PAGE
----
Associate Dean of Research, Professor, College of Health Sciences, University of Wyoming, Wyoming, USA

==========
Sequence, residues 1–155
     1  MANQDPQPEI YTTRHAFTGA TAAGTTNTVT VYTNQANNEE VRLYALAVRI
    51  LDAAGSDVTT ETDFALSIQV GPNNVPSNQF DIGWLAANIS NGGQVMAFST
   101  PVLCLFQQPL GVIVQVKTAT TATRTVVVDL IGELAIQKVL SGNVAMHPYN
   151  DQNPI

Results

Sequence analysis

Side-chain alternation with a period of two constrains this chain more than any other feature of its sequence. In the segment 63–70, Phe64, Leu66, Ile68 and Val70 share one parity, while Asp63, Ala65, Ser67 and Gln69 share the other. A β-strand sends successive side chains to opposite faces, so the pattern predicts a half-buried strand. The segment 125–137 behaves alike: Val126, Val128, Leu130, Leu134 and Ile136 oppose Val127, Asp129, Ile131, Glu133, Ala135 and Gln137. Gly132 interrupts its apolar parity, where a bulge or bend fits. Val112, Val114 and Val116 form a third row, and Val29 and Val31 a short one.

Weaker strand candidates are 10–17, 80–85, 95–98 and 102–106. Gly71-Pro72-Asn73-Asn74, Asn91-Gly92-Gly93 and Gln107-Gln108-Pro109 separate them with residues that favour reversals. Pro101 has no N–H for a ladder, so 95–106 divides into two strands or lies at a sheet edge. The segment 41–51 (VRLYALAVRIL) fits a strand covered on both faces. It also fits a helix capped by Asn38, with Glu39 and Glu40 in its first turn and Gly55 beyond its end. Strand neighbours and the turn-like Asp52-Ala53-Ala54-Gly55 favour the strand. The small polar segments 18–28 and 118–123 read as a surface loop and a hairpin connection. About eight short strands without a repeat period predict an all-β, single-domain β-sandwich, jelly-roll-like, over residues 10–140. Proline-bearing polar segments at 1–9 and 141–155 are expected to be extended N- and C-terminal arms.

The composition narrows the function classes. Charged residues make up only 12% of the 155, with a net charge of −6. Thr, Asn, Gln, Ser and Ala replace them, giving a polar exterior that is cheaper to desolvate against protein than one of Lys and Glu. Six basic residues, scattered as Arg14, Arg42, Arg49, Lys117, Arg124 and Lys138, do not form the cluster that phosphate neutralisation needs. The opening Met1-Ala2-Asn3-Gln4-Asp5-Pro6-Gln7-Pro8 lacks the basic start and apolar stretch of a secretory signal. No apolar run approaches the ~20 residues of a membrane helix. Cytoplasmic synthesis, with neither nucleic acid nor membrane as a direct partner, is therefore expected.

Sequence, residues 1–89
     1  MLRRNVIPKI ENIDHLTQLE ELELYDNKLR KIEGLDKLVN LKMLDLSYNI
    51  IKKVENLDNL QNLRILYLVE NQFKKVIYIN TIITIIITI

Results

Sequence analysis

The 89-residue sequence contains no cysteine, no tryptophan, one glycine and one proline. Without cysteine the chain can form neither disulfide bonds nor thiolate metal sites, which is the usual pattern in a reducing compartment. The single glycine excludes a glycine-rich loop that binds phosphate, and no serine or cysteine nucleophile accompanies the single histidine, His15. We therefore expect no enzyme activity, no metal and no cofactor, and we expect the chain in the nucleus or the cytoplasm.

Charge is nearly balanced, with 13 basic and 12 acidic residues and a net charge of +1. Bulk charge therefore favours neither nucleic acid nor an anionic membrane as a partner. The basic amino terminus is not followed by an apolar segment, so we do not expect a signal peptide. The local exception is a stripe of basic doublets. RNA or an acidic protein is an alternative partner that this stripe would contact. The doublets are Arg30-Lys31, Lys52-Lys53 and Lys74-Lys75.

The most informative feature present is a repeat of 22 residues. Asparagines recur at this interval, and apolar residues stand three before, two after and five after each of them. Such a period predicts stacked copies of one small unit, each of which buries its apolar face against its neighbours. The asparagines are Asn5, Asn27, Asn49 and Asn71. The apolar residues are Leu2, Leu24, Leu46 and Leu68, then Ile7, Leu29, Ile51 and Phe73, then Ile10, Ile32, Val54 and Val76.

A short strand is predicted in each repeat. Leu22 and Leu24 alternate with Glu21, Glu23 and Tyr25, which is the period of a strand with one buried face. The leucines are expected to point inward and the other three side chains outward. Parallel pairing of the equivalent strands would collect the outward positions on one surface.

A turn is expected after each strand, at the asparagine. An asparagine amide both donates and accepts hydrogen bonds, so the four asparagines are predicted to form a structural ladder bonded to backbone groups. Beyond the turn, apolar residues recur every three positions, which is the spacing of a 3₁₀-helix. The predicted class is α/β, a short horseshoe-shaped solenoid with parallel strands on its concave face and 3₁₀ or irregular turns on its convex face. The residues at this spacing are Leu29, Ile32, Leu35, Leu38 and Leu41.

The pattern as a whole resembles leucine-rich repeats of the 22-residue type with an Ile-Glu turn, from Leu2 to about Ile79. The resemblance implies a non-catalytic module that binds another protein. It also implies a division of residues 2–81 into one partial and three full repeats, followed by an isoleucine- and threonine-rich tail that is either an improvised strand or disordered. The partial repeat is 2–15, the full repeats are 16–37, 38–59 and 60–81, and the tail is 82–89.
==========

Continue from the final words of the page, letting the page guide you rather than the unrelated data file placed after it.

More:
James R. Sowers, MD, is Professor of Medicine, Physiology/Pharmacology and Director of the Endocrinology, Diabetes & Metabolism Division at the University Of Missouri, School Of Medicine. In addition, he is the Director of the Thomas and Joan Burns Cardiovascular and Diabetes Research Center and holds the Thomas W. and Joan F. Burns Missouri Chair in Diabetology. Dr. Sowers serves as a reviewer on several study sections for the National Institutes of Health and for the Department of Veterans Affairs. He is the editor of Cardiorenal Medicine, Associate Editor of Diabetes and on editorial boards of Hypertension, Endocrinology, and Metabolism. In the last year Dr. Sowers has published more than 25 peer-reviewed papers. Dr. Sowers achieved the Irvin Page Lifetime Achievement Award from the American Heart Association in 2012. He serves as a PI on one NIH funded grant and a VA Merit grant, and is a Co-Investigator on several NIH grants with colleagues at the University of Missouri, as well as other research colleagues at academic institutions around the country. Dr. Sowers has been examining the cellular mechanisms of insulin action in cardiovascular, renal and skeletal muscle tissue for three decades, focusing primarily on in vitro and in vivo/ex-vivo studies of animal models. Recently his research has been directed to the role of over-nutrition/angiotensin II, aldosterone, estrogen, and immune function on T regulatory cells and in site-specific serine phosphorylation of insulin sensitivity and associated cardiovascular functional abnormalities. As part this continuing cardiovascular renal diabetes research program, his program plans to pursue the role of angiotensin II, aldosterone and sex differences in metabolic cardiovascular insulin resistance in mice subjected to a “Westernized” diet.